5 questions on Park Quest with Maryland Park Service's Barbara Knisely

September 29, 2012|By Don Markus, The Baltimore Sun

On Saturday, the Maryland Department of Natural Resources celebrated its fifth annual Park Quest event with Rendevous activities for the teams that completed at least 10 quests. Knisely, who helps run the popular event, discussed its origins and goals.

How has the Park Quest program grown in its five years in number of participants, parks and activities?

Park Quest was developed by two Maryland state park managers in 2008. The program included six quests on Maryland's Eastern Shore, and approximately 150 teams (families) participated. The program has expanded to include 1,000 teams and 24 quests in the 2012 Park Quest program.

Teams are comprised of adults and children with a maximum of 10 members. Each team must include at least one child 16 years of age or younger to qualify as a Park Quest team.

The goal of Park Quest is to engage families in outdoor activities throughout the summer and allow them to experience state parks throughout Maryland.

Park Quest allows families to relax, unplug from today's various methods of technology, and experience the beautiful natural and cultural resources that our public lands offer.

Are there any plans to expand the program?

At this time, there are no plans to expand the program. By registering for Park Quest, teams are provided a passport that allows them complimentary day-use entry to 23 state parks. There was one online quest this year to bring the total to 24 quests.

Teams are afforded a valuable opportunity to explore state parks across Maryland. We know teams also pay for cabins and campsites as an affordable mini-vacation in order to extend and take advantage of their state park experience.

The Maryland Park Service accommodates approximately 11 million guests each year, and our operational and maintenance budgets are predicated on our abilities to raise revenues through day-use, camping and pavilion service charges.

These revenues are used directly to support amenities, infrastructure, outdoor recreation opportunities, and staffing to support the operation of Maryland's 66 state parks.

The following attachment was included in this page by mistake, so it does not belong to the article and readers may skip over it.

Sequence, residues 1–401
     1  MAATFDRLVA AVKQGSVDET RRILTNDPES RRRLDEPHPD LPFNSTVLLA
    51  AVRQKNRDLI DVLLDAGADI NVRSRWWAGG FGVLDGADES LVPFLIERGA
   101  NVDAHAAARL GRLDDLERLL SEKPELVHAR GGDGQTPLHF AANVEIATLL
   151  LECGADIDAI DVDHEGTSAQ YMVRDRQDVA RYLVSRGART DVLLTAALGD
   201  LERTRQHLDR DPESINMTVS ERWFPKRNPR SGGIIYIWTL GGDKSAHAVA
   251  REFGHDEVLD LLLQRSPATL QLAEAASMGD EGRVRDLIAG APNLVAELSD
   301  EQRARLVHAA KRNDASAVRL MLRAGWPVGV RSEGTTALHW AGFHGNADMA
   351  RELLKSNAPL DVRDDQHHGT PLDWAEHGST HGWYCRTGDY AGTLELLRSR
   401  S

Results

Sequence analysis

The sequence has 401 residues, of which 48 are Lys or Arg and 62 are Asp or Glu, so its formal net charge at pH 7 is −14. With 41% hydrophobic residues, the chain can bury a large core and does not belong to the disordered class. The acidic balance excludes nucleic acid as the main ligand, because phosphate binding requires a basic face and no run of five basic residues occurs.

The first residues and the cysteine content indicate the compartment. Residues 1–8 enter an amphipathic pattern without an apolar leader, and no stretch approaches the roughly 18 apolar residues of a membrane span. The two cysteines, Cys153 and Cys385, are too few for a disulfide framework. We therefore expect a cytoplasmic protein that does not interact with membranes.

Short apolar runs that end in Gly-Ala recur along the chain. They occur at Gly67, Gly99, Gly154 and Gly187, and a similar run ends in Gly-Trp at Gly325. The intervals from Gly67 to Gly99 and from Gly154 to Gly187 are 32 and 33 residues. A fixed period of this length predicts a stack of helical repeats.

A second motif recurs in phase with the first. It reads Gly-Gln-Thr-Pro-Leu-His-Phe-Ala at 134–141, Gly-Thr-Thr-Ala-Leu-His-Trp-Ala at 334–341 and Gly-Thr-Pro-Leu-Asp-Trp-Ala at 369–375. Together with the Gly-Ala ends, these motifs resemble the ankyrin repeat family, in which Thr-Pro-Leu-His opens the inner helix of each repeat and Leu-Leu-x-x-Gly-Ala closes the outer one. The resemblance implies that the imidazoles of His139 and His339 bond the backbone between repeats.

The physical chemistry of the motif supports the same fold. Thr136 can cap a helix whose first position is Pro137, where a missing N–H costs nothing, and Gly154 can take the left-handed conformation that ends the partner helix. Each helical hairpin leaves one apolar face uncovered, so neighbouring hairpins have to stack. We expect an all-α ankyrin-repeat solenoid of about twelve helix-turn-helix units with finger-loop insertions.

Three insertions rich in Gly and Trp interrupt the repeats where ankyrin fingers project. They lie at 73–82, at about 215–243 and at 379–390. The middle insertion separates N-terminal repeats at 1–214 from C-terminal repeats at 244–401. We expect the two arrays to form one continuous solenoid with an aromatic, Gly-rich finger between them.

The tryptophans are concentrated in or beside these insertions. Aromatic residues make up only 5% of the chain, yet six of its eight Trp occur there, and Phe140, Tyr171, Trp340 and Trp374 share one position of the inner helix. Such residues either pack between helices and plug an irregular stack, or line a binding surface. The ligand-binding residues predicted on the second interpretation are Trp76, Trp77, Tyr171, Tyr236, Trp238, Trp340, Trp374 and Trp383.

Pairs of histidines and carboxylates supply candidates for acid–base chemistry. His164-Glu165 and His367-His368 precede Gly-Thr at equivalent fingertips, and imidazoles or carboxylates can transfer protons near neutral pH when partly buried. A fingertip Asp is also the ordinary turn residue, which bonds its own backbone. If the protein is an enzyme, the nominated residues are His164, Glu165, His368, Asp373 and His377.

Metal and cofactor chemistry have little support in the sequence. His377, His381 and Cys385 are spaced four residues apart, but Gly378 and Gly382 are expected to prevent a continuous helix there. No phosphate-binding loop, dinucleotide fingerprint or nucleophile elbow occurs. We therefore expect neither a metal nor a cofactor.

It is important to note that families who were not able to register for Park Quest still participated in the program. Any visitor to the 23 participating Maryland state parks could download the Park Quest activities from the Maryland Park Service website and complete the quests.

These families only had to pay the appropriate day-use service charge. The Maryland Park Service had many inquiries from families throughout the summer who participated as a result of our Park Quest website and Facebook presence, and who were not able to officially register.

The only difference is that families who were not registered Park Quest teams were not eligible to participate in the Park Quest Rendezvous celebration.

What was the most popular park this season, and what was the most popular activity?

The most popular Park Quest this summer was the Gathland State Park quest, where families explored the grounds of the former estate of George Alfred Townsend, a famous Civil War correspondent and author.

Families responded to questions about the history of this site, based on their explorations of the grounds, and some participated in a bonus quest nearby with a hike to the historic Appalachian Trail shelter.

Other popular quests included the search for Big Foot at Greenbrier State Park, kayaking at Janes Island State Park, riding bikes on the historic Western Maryland Rail Trail, and hiking near breathtaking rock outcroppings at Rocks State Park.

The activities seemed to be geared toward families with young children. Is there any thought of trying to include more seniors without their grandkids?

Park Quest is a multi-generational program, and many of the Park Quest teams included grandparents of the participating youngsters.

The Maryland Park Service has received inquiries from adults inquiring about a program for senior citizens who do not have grandchildren. At this time the Maryland Park Service does not have plans to create a program solely for seniors, but may consider this as an expansion option in the future.

How many families qualified for the drawings Saturday and how many families made it to every park?

We encouraged families to post their completed quests using our online Park Quest leader board. Based on that documentation, approximately 275 teams completed 10 or more quests to qualify for participation in the Park Quest Rendezvous at Patapsco Valley State Park.

Based on the online Park Quest leader board, 20 teams completed all 24 quests.

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